Monday, May 2, 2016

Eat your greens!

When I was a wee bairn* in East Texas, one of the foods that we had on occasion and that I hated almost every time, was something called greens. They might be mustard greens or turnip greens (the leafy parts of mustard or turnip) or collard greens (the leafy parts of ... well, the whole thing, I suppose.) That is a picture of prepared collard greens, but IMHO, it could have been any of them. There was a difference in taste, but not enough to make any of them desirable at the time.My foggy recollection is that we had this toward the end of the month before the paychecks had come through and when the food budget was tight.

I can't recall the last time I ate any of those things. Probably in the cafeteria at university, where every year the Black Student Alliance treated us to a soul food dinner. Soul food, it turned out, consisted of pretty much what we ate in East Texas a lot of the time anyway. It was an oddity to lots of folks in the Midwest, who thought that things like black-eyed peas were for cattle.

At any rate, this morning as I ate my allegedly shockingly healthy breakfast sandwich of egg white, kale, roasted tomato and goat cheese on flatbread, something niggled in my brain and asked, "Is kale just fancy collard greens?"

Turns out they are related. (They are also all related to broccoli and cabbage.) I won't say that this discovery turned the kale to ashes in my mouth, but it does just go to show. What was once a semi-staple for the poor has become a darling of the fitness foodies. Our local market carries fresh kale in huge batches. We are encouraged to toss it into any and everything to add something or other. Not, I think, deliciosity, but things like anti-oxidants, vitamins A/K/C, fiber and something ominously called isothiocyanates. It has a lot of sulfur, too, which cannot be good. They even have kale chips -- barbecue-flavored and cool ranch and nacho. Baked or air-dried. Imagine someone over-processing and over-seasoning collard greens for the masses like this. My mind boggles.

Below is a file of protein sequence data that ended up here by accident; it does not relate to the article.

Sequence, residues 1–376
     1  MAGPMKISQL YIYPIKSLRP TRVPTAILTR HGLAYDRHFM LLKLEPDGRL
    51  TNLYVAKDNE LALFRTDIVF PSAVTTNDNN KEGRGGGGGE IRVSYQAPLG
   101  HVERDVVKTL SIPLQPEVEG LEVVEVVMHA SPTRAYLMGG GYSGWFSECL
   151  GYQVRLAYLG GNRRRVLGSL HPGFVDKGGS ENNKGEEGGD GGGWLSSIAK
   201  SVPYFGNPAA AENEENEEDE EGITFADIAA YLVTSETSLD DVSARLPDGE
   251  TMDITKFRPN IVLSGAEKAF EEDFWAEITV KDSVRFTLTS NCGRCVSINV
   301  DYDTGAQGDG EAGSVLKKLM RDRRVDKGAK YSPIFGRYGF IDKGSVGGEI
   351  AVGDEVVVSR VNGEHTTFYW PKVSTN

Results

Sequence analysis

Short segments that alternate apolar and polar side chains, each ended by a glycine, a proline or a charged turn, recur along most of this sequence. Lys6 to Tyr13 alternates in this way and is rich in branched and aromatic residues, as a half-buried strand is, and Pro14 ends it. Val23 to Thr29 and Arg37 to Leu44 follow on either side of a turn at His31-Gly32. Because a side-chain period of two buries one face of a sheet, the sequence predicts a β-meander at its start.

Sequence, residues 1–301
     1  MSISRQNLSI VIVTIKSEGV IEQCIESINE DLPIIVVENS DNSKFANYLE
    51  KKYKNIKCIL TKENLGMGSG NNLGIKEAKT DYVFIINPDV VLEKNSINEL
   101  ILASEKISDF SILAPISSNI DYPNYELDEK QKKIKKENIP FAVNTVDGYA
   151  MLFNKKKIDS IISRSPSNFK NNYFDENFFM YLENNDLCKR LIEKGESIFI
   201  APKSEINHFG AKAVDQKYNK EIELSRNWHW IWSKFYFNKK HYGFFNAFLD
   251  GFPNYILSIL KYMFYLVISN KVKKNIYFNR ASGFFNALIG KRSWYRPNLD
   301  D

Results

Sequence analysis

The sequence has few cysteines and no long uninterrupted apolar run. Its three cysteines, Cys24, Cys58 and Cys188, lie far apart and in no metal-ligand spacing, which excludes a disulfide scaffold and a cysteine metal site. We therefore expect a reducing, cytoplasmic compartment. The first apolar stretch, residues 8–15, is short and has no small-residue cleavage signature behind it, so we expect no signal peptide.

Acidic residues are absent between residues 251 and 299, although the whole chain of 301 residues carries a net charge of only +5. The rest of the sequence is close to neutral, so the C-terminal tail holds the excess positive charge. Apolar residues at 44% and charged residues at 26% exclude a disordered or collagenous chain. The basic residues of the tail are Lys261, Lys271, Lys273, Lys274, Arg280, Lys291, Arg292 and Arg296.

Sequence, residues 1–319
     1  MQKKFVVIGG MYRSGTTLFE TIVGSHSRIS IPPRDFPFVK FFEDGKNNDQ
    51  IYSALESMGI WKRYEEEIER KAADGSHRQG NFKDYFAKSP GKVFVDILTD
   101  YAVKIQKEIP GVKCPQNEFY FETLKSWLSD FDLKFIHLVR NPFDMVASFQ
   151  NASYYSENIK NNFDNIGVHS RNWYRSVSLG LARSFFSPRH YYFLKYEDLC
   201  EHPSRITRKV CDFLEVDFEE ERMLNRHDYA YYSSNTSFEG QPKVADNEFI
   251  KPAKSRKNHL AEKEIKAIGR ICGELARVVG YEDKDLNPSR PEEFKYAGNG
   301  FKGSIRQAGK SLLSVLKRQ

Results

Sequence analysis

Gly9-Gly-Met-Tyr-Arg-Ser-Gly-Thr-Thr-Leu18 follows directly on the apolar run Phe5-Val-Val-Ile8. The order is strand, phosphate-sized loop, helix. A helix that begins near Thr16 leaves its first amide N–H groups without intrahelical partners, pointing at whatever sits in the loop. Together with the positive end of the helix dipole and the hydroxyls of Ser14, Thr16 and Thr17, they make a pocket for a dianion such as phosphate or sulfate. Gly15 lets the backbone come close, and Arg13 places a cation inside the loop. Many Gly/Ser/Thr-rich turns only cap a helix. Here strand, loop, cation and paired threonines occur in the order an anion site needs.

I don't mind fresh spinach in my food, but I am going to be very suspicious of any greens in the future. Some of it may even turn out to be poke salad. AKA poke salat, poke sallet, etc. Look it up. It can be deadly if not properly prepared. There are those who say it is deadly under any circumstances. If it is anything like the collard greens of my vanished youth, I believe it.

*I was never a wee bairn, I suppose, although some Scottish blood flows through the veins from my mother's Mitchum family. My brother's middle name is Byron, after my father, and so I suppose he was once -- but definitely not now -- a wee Byron.

Only kidding! Love ya, kid, you know that.

Whew, how much coffee did I have with that kale? Or maybe it's just those isothiocyanates kicking in.


Joe said...

Kale is the green of choice here in Vermont. They will put it on anything. I happen to enjoy collards and turnip greens. I only like mustard if it is mixed with turnips. As a kid, I hated them and only ate them on New Year's Day because Grandmama insisted it was for wealth in the new year. As I've gotten older and learned how to cook greens, I love them, especially when served with cornbread. Maybe I could change your mind if I cooked some for you.

Michael Dodd said...

I am not surprised to hear that kale is the green of choice in Vermont. I assume Ben & Jerry have a Kale, Kale, the Gang's All Here! ice cream flavor. [Okay, full disclosure: My inner librarian looked it up and their web site says they don not now and never will make a kale ice cream.]

I might like your greens. When I was a kid I despised spinach and now I am a big fan, most especially of fresh spinach. But it is a regular ingredient in Greek food, which Tom has taught me to like. So I am open to new experiences.